A young woman pretends to be someone she isn’t in this stunning novel by the New York Times bestselling author of The Girls.
“Alex drained her wineglass, then her water glass. The ocean looked calm, a black darker than the sky. A ripple of anxiety made her palms go damp. It seemed suddenly very tenuous to believe that anything would stay hidden, that she could successfully pass from one world to another.”
Summer is coming to a close on the East End of Long Island, and Alex is no longer welcome.
A misstep at a dinner party, and the older man she’s been staying with dismisses her with a ride to the train station and a ticket back to the city.
With few resources and a waterlogged phone, but gifted with an ability to navigate the desires of others, Alex stays on Long Island and drifts like a ghost through the hedged lanes, gated driveways, and sun-blasted dunes of a rarefied world that is, at first, closed to her. Propelled by desperation and a mutable sense of morality, she spends the week leading up to Labor Day moving from one place to the next, a cipher leaving destruction in her wake.
Taut, propulsive, and impossible to look away from, Emma Cline’s The Guest is a spellbinding literary achievement.
About the Author
Emma Cline is the New York Times bestselling author of The Girls and the story collection Daddy. The Girls was a finalist for the Center for Fiction’s First Novel Prize, the National Book Critics Circle’s John Leonard Prize, and the Los Angeles Times Book Prize. It was a New York Times Editors’ Choice and the winner of the Shirley Jackson Award. Cline’s stories have been published in The New Yorker, Granta, The Paris Review, and The Best American Short Stories. She received the Plimpton Prize from The Paris Review and an O. Henry Award, and was chosen as one of Granta’s Best Young American Novelists.
“A grifter tale for the post Anna Delvey era, a spellbinding literary rendering told from the perspective of the deceiver herself . . . Cline is a master of depicting the nefarious and atmospheric menace that often lurks adjacent to our most glittery environments, and she does so here with subdued but no less cutting aplomb.” —Vogue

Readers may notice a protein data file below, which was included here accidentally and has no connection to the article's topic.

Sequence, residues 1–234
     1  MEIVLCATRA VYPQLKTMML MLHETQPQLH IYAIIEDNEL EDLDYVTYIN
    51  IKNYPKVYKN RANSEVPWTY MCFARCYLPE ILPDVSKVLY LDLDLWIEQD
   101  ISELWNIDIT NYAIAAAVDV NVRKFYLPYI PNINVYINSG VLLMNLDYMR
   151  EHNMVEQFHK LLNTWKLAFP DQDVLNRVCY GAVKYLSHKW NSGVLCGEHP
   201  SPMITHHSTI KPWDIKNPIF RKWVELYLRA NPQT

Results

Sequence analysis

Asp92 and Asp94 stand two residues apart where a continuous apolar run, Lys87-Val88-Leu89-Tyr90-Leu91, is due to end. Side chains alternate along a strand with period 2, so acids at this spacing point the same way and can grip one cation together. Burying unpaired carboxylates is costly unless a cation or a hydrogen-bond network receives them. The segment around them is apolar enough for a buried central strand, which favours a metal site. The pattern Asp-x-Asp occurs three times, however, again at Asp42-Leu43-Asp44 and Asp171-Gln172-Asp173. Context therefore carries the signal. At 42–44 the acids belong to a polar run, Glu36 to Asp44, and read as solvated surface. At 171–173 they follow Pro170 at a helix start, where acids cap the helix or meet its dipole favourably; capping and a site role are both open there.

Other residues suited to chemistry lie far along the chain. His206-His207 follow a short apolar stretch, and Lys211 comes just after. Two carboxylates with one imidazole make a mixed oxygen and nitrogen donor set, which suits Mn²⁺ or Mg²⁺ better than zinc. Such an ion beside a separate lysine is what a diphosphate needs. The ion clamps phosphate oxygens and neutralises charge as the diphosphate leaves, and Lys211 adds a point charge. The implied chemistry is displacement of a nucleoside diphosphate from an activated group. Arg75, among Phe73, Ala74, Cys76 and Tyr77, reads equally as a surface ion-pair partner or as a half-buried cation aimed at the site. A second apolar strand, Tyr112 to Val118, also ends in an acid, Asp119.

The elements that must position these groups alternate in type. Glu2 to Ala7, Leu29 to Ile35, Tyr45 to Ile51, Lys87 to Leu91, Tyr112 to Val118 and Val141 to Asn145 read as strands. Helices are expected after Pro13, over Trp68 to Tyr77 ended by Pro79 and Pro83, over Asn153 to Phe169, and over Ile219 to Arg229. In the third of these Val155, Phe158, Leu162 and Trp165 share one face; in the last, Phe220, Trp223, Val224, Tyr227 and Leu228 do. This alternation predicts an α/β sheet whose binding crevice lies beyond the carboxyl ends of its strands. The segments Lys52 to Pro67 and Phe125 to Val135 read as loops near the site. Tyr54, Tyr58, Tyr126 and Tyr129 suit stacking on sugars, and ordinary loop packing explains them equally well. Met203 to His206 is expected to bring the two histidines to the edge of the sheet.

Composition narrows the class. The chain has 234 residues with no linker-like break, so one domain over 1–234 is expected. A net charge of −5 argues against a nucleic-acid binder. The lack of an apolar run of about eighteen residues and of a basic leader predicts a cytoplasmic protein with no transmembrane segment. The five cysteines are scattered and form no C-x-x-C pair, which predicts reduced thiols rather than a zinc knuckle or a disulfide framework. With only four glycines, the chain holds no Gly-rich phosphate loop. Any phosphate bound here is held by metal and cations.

“Cline quietly continues to be one of the best and most discomfiting young writers working today.” —Entertainment Weekly
“Eerily captivating.” —Elle
“Emma Cline’s second novel is tense and restrained, as careful and controlled as the woman at its center—before she begins to unravel at the seams. This is a slow-motion car crash of a book: it’s extremely hard to look away.” —Lit Hub
“Her odyssey of desperation and misadventures feels like Barry Lyndon for Gen Z.” —Buzzfeed
“The sheer anxiety level of watching Alex lure each new stranger (from the help to lonely rich teenagers), filling the endless hours until the next morning, will keep your blood pressure as high as if you were following a serial killer stalking their next victim.” —Paste
“I loved every moment of The Guest: the intensity, the control, the atmosphere, the psychological escalation, the astonishing social observation, the profound and devastating visions of the void achieved with flicks of the wrist, the way it lets nobody off the hook and yet is not without deep humanity.” —Sam Lipsyte
“The talented Ms. Cline, as it were! Her prose is drifty and wire-taut, easy on the eye, with an awful undertow of unease that never lets up. The pathology brilliantly observed by The Guest would not feel so edgy if it were not perilously close to an aspirational ideal.” —Geoff Dyer
Praise for Emma Cline
“Brilliant . . . [Emma] Cline is an astonishingly gifted stylist.”—The New York Times
“Masterful.”—New York magazine
“Extraordinary . . . Debut novels like this are rare, indeed.”—Ron Charles, The Washington Post
“On every other page, it seems, there is something remarkable.”—James Wood, The New Yorker
“A thrilling new voice in American fiction.”—Jennifer Egan
“A striking achievement, the assured work of a young writer with talent to burn.”—The Boston Globe
“Cline’s writing is an addictive treat . . . a propulsive read starring an irresistible antihero.”—Kirkus Reviews (starred review)
“The payoffs are as gratifying as they are shattering.”—Publishers Weekly